For much of my adult life, I was a reactive angry sort without realizing I was. I got frustrated and impatient at times, but I wasn't the kind of person who lost her temper or started yelling.
A death in the family a few years ago unearthed the rage. Boy oh boy.
Once I started to see how reactive I was, I wanted to do something about it. With perfect timing, an article crossed my desk by Pema Chodron: "The Answer to Anger & Aggression is Patience"
Patience? I read the article, and yes, patience. I'd never equated anger and impatience before but it made sense. My loved ones could sense my anger even when it I was fighting it internally. They told me, "It's not what you say, but how you say it." I wanted to change that.
So I practised biting my tongue. Literally. Have you any idea HOW HARD it was to bite my tongue? I don't mean physically. But to stop and do this? I was so reactive. Harder yet because I had to accept the fact that I wasn't as nice a person as I'd thought. But it's a powerful practice. Biting my tongue forces me to stop and wait. It demands patience.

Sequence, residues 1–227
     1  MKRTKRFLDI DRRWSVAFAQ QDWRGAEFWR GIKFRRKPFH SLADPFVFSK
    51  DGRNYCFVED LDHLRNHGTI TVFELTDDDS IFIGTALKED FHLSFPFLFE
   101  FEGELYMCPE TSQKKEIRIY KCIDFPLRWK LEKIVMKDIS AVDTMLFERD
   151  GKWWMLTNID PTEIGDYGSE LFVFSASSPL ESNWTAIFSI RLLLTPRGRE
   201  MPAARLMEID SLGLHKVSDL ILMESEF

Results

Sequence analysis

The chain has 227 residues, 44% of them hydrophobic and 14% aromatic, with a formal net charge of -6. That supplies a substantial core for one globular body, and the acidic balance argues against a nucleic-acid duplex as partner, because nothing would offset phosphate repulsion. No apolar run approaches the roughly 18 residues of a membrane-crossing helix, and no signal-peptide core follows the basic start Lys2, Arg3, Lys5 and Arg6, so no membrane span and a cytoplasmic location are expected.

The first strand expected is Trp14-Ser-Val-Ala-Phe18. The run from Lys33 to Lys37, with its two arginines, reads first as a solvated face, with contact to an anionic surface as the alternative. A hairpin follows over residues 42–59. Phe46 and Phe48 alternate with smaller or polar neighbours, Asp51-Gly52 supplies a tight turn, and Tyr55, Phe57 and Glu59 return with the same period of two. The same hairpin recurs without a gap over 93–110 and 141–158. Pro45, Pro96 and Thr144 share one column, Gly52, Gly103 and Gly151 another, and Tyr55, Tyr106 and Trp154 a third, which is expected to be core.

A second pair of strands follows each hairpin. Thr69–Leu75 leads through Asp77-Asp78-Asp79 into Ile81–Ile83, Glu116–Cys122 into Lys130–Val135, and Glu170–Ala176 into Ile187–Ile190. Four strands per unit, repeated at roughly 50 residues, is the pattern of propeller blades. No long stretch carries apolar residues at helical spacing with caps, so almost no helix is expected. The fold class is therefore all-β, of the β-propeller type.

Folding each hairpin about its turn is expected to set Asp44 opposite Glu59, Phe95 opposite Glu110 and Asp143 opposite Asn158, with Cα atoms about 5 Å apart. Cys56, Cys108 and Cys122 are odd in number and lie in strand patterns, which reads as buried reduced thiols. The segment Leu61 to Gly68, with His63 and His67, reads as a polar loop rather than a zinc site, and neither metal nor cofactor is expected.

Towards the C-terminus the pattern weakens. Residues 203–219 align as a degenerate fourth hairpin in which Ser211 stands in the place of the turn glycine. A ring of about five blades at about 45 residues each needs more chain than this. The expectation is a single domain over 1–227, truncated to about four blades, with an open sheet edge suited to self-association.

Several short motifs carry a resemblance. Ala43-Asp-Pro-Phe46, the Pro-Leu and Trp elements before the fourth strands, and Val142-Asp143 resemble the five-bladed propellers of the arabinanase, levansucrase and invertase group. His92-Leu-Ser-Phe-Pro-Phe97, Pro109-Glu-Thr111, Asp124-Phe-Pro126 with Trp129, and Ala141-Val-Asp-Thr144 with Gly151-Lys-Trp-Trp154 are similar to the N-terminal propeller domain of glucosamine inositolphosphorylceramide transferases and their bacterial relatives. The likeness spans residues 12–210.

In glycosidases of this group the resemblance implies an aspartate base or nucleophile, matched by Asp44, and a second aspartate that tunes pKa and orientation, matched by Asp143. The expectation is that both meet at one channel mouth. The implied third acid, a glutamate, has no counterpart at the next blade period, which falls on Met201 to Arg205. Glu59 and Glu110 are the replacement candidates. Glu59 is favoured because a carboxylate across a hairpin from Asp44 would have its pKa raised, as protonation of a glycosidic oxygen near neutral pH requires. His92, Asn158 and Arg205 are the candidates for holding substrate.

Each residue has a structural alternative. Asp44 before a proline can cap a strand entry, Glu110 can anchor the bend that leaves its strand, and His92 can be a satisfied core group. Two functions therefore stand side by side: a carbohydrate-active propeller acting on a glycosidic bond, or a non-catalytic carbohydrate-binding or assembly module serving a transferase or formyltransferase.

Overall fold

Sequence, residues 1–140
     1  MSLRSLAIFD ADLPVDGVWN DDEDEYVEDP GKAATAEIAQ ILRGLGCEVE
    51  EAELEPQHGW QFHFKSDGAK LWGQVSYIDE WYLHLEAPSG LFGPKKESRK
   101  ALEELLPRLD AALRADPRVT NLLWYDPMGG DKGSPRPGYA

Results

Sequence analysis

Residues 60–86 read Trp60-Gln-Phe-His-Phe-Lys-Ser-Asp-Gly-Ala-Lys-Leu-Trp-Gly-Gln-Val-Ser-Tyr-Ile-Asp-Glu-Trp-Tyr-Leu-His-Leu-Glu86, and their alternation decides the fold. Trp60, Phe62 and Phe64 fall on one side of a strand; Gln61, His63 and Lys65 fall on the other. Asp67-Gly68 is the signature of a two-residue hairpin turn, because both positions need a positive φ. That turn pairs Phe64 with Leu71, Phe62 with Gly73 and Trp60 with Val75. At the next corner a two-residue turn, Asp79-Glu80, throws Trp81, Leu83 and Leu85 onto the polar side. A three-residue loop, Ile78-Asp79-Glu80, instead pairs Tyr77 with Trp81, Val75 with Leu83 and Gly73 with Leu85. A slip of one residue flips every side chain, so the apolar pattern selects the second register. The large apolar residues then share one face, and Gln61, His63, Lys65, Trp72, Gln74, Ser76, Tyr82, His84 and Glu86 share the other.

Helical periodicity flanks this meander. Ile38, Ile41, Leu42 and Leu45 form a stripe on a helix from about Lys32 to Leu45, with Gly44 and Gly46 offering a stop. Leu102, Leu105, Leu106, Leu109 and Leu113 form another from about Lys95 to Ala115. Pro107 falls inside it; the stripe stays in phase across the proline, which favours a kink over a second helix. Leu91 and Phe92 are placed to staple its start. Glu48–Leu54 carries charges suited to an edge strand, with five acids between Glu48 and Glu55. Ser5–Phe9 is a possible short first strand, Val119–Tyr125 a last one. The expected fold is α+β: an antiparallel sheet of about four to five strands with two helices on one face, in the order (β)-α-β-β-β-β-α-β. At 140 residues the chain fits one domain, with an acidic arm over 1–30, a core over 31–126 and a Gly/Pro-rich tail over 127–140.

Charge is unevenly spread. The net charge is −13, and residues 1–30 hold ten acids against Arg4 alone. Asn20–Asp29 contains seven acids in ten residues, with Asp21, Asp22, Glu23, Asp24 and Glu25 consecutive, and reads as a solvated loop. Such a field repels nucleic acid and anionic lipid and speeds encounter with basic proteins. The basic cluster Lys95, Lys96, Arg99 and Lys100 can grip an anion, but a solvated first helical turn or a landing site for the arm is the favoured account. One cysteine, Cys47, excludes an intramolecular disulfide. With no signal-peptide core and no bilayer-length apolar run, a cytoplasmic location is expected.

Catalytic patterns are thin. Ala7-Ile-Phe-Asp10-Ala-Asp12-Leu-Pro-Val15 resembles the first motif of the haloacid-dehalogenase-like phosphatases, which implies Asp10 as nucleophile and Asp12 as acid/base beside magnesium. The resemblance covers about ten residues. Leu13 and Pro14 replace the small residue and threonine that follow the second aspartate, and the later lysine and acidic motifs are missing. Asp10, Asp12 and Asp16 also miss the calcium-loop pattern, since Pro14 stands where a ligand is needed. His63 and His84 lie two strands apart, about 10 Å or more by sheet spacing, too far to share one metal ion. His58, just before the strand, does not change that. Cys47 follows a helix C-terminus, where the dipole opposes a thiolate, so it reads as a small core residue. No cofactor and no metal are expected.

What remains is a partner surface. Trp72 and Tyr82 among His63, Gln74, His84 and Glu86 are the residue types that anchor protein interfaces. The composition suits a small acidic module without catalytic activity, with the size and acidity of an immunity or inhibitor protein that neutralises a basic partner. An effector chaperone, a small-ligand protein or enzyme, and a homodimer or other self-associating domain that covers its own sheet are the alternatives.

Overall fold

I took a playful approach. I mean can you picture it? How absurd! Some part of my brain snorts in laughter at the picture of my tongue trapped between my teeth. Every. Single. Time.
And it's been kind of fun to watch my progress. By starting with the easier ones - the normal annoyances and disappointments of everyday life - I built enough competence to go for a few of the big ticket ones. I knew which ones would push my buttons, so I prepped. If I didn't think I'd be able to bite my tongue that day, I'd avoid direct contact. Sometimes I let the patience practice be a listening-without-talking day. That's good practice. And when I would inevitably mess up, I could be more patient with myself. I'm only human. It's a process.
You'd think biting my tongue would make me feel constrained. It doesn't. Instead, it feels oddly freeing.